GOP Reps Ask McCollum if Health Care Bill is Legal
Two Republican members of the Florida House want Attorney General Bill McCollum to investigate the constitutionality of provisions of the health care bill currently being considered by Congress.
Reps. Scott Plakon and Steve Precourt asked McCollum, a leading candidate for the 2010 Republican gubernatorial nomination, to looking into the plan’s requirement that individuals buy health insurance and also to investigate the constitutionality of changes to federal-state Medicaid sharing, which is eliminated for one state in the Senate bill, but not Florida.
“Although our concerns regarding this legislation are numerous, we are asking that you look into the constitutionality of two particular areas,” the representatives wrote to McCollum. “First, in light of the various instances of ‘sweetheart deals’ that have recently taken place in the United States Senate, there may be a question of whether Floridians will receive unequal treatment as it pertains to Medicaid.
“The second area of concern is the individual mandates proposed,” the letter continued. “If a Floridian does not pay this fine, he or she may be subject to a further fine of up to $250,000 or 5 years in prison. For the first time in history, this legislation proposes to fine and/or imprison Floridians for not purchasing a product from a private seller.”
“Our view is that these actions are a brazen attack by the federal government on our civil rights, our sovereignty, our individual freedom and the United States Constitution,” they said.
Plakon, R-Longwood and Precourt, R-Orlando, called the Medicaid deal “unequal treatment” that “will put an overwhelming strain on our state budget and force our state to make no-win choices on how to fund this federal mandate while avoiding cuts to critical programs such as education and public safety.”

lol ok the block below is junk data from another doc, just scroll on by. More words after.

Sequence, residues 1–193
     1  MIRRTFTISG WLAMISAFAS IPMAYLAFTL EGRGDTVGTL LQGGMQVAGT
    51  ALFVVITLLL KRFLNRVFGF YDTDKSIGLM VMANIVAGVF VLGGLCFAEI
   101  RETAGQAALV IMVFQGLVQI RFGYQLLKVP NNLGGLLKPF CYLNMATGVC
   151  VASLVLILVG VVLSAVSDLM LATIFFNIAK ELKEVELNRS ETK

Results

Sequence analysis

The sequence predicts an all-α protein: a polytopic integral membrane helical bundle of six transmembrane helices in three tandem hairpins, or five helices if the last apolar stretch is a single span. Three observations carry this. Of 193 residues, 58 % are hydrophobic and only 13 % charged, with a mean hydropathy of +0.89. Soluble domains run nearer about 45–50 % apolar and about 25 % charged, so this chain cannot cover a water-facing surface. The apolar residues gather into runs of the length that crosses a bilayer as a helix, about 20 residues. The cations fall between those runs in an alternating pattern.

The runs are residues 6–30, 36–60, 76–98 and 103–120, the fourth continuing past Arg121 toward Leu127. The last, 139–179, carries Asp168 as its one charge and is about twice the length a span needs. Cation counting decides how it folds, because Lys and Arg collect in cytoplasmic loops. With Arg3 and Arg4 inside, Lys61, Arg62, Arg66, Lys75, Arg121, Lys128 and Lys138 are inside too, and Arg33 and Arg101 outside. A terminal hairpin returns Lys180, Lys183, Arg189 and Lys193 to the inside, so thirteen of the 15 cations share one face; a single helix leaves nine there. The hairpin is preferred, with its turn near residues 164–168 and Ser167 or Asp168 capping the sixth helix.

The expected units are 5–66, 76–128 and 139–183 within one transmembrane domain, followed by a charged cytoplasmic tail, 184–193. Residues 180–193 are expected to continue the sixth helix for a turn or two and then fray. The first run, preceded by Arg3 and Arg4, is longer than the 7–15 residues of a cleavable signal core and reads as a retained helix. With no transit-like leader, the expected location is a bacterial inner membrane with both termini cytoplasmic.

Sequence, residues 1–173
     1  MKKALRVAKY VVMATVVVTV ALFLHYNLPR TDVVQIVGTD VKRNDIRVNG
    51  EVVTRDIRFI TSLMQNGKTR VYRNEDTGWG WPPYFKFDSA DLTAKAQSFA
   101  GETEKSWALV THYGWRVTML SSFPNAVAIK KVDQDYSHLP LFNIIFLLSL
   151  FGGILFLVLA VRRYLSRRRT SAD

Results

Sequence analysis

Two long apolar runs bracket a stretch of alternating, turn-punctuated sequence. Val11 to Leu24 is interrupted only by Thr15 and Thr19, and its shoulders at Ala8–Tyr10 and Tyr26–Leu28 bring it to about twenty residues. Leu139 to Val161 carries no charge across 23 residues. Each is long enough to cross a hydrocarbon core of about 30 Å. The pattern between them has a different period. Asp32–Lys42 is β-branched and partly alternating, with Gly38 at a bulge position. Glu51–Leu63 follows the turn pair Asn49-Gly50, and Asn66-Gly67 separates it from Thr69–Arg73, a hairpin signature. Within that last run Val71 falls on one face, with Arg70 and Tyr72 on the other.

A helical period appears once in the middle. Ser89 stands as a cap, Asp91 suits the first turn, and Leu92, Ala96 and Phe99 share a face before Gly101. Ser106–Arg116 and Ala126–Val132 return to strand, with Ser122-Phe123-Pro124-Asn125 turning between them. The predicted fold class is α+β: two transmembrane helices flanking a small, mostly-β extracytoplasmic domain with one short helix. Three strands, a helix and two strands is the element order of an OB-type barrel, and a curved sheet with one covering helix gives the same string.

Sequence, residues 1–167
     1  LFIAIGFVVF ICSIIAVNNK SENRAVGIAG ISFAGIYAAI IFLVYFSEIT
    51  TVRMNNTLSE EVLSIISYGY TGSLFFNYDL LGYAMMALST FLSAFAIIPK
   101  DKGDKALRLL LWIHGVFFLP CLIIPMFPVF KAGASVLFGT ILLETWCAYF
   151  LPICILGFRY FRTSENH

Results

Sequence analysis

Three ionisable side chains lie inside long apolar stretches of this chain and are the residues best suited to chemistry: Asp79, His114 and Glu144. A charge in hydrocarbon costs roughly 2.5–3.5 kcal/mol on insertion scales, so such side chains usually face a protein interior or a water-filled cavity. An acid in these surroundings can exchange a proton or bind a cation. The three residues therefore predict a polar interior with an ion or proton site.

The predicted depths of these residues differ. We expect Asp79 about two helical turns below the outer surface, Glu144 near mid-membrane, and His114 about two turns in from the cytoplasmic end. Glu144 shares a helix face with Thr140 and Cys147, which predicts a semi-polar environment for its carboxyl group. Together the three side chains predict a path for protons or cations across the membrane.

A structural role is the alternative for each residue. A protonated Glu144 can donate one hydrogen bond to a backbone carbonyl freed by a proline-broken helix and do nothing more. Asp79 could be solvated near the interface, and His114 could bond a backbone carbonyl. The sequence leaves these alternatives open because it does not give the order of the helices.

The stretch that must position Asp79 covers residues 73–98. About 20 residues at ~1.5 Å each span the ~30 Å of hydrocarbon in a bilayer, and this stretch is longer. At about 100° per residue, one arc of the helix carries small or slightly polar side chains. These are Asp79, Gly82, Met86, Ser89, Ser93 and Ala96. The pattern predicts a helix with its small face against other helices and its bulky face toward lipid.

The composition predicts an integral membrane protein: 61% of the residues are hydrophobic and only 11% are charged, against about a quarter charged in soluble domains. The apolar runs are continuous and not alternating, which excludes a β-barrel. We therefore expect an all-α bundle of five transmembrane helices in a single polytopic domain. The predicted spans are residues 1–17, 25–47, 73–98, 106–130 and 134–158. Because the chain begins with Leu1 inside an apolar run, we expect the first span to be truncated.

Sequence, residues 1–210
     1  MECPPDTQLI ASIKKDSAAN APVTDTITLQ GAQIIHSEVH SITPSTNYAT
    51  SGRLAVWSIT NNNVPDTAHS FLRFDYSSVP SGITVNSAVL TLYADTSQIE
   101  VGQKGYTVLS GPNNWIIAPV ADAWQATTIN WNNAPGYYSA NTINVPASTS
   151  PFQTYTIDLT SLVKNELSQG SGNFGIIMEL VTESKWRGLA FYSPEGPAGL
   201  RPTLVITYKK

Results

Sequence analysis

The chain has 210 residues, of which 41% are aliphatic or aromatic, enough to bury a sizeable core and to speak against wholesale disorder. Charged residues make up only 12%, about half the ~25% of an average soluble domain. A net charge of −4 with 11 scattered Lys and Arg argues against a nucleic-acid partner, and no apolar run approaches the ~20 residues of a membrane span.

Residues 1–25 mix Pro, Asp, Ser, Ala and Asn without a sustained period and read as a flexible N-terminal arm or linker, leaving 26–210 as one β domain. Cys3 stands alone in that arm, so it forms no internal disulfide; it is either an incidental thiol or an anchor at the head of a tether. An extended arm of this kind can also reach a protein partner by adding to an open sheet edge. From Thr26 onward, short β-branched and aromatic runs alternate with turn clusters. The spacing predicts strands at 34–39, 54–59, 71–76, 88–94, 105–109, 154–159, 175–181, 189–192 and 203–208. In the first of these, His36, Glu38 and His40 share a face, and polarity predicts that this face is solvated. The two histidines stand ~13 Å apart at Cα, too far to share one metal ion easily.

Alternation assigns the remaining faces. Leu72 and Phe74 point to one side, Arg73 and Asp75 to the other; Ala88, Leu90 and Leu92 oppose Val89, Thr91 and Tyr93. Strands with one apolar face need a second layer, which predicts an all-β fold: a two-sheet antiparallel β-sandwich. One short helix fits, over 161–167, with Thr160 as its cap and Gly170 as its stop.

The duo also decried the legislative process that produced the Medicaid deal, widely believed to be a sweetener to lure the support of Nebraska Sen. Ben Nelson, a late holdout whose vote Democrats in the Senate needed to pass the bill.
“It is without question that these actions amount to the worst kind of backroom politics, but we are concerned that Floridians may not be getting the ‘equal protection’ that we are all guaranteed under the United States Constitution,” they wrote to McCollum.
Plakon and Precourt’s letter was released as a Washington, D.C.-based newspaper reported as many as 19 Republican Attorneys General are considering suing if the Democratic bill passed recently by both chambers of Congress becomes law. Like McCollum, several of the AGs are candidates for higher office next year.
McCollum’s office told the News Service of Florida Monday afternoon that the attorney general would likely comment on Plakon and Precourt’s request Tuesday. McCollum has come out strongly against the proposal, dubbing it this fall “PelosiCare” and seeking to use it to tie likely Democratic gubernatorial nominee Alex Sink to more liberal national Democrats.
“The government run public option is bad for the people of Florida, especially Florida’s nearly 4 million seniors, because it will limit choice and lead to cuts in benefits,” McCollum said in an October campaign statement. “But also because of the massive government unfunded mandate it will place on the states, which will cripple Florida’s already strained budget.”